Dutch from Netherland, known as Holland earlier, came in India in 1605 to establish their first centre of their joint venture company at Masulipatnam in Andhra Pradesh. They made India the centre of textile trade. Uptill 1759, Dutch continued their trade in India. However, as Britishers had established their trade in India in 1608 with their first centre at Masulipatnam too, Dutch and Britishers were in imperialistic competition with each other. These both powers were in battle with each other in 1759 called as the Karnatka battle where the Dutch got defeated by the British Governor Robert Clive.
British East India Company is the popular name of the trading company. Its actual name was Governor and Company of Merchants of London Trading into the East Indies. In the time of creation of this company in 1600, the then Queen Elizabeth-I granted 15 years of commercial monopoly charter. Seeing the huge profits coming from this company, later, the King James in 1609 gave indefinite monopoly to East India Company for trade. Though the company was private company, the royal family had major chunk of share involved.
A British captain William Hawkins was proficient in Turkish language. He arrived in India to meet the then Mughal Emperor Jahangir. Jahangir was so much impressed with the Turkish speaking white man that he gave him 400 Mansab and permission to open first factory at Masullipatnam at Andhrapradesh. Hawkins was given the title of English Khan.
Later the second factory of Britishers was opened at Surat in Gujarat in 1613. Gradually the trade of Britishers kept increasing. They were into trading the rich resources from India. After the death of Aurangzeb in 1707, the golden time of Britishers started as the centralized power of Mughal started diminishing and disintegrating due to the unworthy heirs. The Royal decrees (Shahi furmans) issued by the later Mughals in post Aurangzeb period gave opportunities to British East India Company to spread its tentacles in India. Beside these Shahi furmans, the other reasons include the socio-political situation of the then India. There were significant incidences behind expansion of British East India Company like gifting of Bombay to Britain by Portugals, Battle of Plassey (1757), battle of Buxar (1764), Anglo- Mysore battles (1768-1769; 1780-1784;1790-1792;1799), Anglo -Maratha battles ( 1775-1782’1803-05;1817-19) , Anglo – Sikh battles (1845-1846; 1848-1849), Sind battle (1843) and Awadh battle (1856). These battles had significantly expanded the British territories and British East India Company started ruling most of the India. In 1857, the first military revolt took place which shook the Britishers and consequently, the East India Company was disbanded in India and the power was shifted to British Crown under Queen Victoria through the Government of India Act 1858.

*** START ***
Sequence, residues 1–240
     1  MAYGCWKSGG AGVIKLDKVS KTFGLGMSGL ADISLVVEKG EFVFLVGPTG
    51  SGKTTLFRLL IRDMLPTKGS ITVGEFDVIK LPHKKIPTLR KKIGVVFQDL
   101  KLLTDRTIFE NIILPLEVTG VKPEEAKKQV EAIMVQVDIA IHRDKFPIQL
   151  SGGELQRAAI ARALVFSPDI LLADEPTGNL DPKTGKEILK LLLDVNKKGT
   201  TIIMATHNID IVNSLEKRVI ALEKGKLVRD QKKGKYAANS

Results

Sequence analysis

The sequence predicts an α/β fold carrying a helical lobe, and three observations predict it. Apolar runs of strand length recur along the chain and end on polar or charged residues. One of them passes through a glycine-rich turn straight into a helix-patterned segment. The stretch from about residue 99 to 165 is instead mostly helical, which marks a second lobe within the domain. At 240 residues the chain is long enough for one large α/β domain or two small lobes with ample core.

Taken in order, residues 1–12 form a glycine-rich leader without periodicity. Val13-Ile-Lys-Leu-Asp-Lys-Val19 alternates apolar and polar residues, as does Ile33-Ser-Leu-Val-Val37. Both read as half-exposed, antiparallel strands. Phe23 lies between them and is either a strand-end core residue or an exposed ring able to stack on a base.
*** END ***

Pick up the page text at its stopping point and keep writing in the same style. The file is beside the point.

The Danish East India Company of Denmark opened its first centre in India in 1620 at Tranquebar in Tamil Nadu. In 1845 Danish sold all their assets to Britishers and left India.
French came last in India in 1668. The first factory was opened in Surat in 1668 and second factory in Masullipatnam in 1674. French people were involved in trade only uptill 1742. However, the imperialistic hunger grew in later years under the French Governor Joseph Francois Duplex. He was the first to initiate the policy of subsidiary alliance for empire expansion. French were in direct competition with Britishers in empire expansion. They were in battles with British which are popular as Karnatak battles. There were three Karnatak battles (1746-1748; 1749-1754; 1758-1763)) in which France was finally defeated and Britain was the only foreign country left with the Imperialist aim in India which exploited India to its core ruthlessly. It is pertinent to mention that the East India Company now is being owned by an India Entrepreneur Sanjiv Mehta who purchased the maximum stakes in the company in 2005.
(The author assistant professor, Department of Tourism and Travel Management, Central University of Jammu)